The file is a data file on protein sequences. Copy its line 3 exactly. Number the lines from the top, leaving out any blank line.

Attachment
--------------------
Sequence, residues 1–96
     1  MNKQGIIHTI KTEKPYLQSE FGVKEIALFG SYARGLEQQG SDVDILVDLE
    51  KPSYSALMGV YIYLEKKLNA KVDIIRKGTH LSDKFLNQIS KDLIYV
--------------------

    51  KPSYSALMGV YIYLEKKLNA KVDIIRKGTH LSDKFLNQIS KDLIYV